Three decades ago, when Kim Muncy became manager of what is now the Louisville Boat, RV and Sportshow, most of the attendees were men. That surprised her, since she was a woman who liked to go boating and camping, and she knew there were a lot of other women like her.
“As the years went by, I did more things to try to welcome women to the show,” Muncy says. “Unfortunately at that time, it was almost always on the cuffs of men — a date night like, ‘Men, bring your ladies to the show.’ As more women became participants in outdoor activities, we transitioned to inviting women, offering education and hands-on learning with a twist.”
The show, which is now part of the National Marine Manufacturers Association collection of around 20 events, began offering seminars for women by women. “Now we have women coming and buying their own boats, so the show is a huge family event,” Muncy says.
More than a dozen women manage marine shows today, and their perspective is helping not only to grow those events, but also to grow the sport of boating itself. The days when the husband needed the “nod of approval” from his wife to buy a boat are receding. Less and less, boating is “Dad’s sport” with the rest of the family coming along for the ride. Women are captains in control, too — a reality that female-led boat shows has fostered and continues to fuel, to the benefit of the industry’s overall bottom line.
Jennifer Thompson, senior vice president of NMMA shows, began her event career with the International BoatBuilders’ Exhibition and Conference before producing the Progressive Insurance Northwest Sportshow and the Minneapolis Boat Show. “As women, we notice when things aren’t inclusive for women more than a man would when we put the microscope on our shows,” Thompson says. “Especially in sport shows, the family element is so strong. We’re always asking what things we can do to keep them happy and shopping.”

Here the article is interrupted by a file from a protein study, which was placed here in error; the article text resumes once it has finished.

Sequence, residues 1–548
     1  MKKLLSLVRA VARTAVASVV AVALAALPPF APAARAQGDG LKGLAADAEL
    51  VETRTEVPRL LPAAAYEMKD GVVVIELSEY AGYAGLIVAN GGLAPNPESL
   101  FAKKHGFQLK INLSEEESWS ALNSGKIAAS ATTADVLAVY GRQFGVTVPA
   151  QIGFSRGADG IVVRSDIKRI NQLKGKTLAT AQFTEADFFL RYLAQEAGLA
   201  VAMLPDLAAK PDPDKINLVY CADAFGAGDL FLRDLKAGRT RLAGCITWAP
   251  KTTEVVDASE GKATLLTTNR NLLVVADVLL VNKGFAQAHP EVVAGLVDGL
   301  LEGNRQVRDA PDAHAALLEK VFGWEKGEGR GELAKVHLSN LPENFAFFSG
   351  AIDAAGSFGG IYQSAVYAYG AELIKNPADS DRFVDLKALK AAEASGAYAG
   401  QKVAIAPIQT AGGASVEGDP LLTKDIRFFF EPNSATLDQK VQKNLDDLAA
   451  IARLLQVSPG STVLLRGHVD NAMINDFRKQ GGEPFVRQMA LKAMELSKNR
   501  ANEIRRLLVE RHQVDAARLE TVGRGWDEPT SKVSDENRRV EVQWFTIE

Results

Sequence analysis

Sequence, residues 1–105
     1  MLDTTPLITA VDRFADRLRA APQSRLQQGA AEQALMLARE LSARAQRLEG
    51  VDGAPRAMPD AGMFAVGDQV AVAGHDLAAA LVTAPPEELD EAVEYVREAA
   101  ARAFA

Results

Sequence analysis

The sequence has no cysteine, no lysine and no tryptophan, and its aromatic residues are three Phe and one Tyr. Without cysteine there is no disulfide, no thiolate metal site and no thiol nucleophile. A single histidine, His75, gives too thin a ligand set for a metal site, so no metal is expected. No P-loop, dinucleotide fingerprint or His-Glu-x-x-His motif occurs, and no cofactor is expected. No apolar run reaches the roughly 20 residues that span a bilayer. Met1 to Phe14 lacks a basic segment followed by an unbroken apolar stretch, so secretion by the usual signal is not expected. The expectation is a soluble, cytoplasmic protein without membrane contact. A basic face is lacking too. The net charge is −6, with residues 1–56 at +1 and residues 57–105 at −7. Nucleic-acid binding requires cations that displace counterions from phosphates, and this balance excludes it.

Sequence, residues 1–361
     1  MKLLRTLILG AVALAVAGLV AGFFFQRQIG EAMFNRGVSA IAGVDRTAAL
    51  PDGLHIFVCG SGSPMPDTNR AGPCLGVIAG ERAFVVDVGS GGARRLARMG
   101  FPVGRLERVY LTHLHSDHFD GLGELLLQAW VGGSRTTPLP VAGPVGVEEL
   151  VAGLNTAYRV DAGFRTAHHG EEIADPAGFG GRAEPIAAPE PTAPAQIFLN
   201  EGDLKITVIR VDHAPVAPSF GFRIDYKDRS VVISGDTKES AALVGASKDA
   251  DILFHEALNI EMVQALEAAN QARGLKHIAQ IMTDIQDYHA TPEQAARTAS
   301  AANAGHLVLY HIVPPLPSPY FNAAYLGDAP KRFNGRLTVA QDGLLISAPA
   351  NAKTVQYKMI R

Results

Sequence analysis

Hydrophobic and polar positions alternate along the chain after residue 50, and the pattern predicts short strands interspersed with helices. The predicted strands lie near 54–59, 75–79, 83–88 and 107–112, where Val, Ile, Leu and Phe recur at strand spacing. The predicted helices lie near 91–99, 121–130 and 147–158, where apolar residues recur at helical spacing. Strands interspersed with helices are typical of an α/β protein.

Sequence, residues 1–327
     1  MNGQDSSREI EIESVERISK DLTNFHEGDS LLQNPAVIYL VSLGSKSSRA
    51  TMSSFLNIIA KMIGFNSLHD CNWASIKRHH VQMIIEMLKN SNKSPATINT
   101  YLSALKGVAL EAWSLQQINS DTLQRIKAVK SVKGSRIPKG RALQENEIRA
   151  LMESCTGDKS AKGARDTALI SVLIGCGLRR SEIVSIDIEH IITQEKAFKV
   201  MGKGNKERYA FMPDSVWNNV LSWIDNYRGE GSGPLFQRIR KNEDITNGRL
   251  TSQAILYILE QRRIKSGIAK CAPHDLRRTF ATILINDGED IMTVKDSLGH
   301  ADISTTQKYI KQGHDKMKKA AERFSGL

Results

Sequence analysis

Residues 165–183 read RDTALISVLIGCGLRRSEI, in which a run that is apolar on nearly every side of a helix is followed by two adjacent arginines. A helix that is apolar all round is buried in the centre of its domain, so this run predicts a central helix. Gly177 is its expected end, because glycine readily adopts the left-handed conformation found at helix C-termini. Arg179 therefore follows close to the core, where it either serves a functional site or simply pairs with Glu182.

Becca Doyle, who runs the St. Louis and Kansas City Boat and Sportshows for the NMMA, says she sees more families attend on a regular basis. She has tried to build on that increase by enhancing kids’ offerings — for example, a pirate ship, an indoor zip line or an archery area. “It’s about trying to find ways to keep them there and make it a whole experience,” Doyle says. “I also think it’s really important to connect with the little ones when they’re young.”
Nicki Polan, who has run the Metro Boat Show, the Detroit Boat Show and the Novi Boat Show for six years as executive director of the Michigan Boating Industries Association, says involving women in smarter ways is key to the industry’s future. “This is a recreational activity that involves the entire family, and it’s not just the male making the decision,” she says. “The ongoing shift to include women and children is critical for a recreation that struggles to tap new and younger boat buyers.”
Female leaders change organizations
There is no data showing how many women lead events in other male-dominated industries, but the trend of more women taking leadership positions in the marine sphere has been upward for a while. More women have entered the industry in recent decades, allowing some the chance to rise to top positions.
Where marine may differ from other industries is in giving those women opportunities to lead. Women make up half of today’s workforce, but less than 20 percent of senior executives are women. That number seems to be reversed when it comes to major boat shows. “I think the number of female boat show producers outpaces the overall industry,” says Cathy Rick-Joule, who ran the Miami International Boat Show for 22 years before retiring in 2016.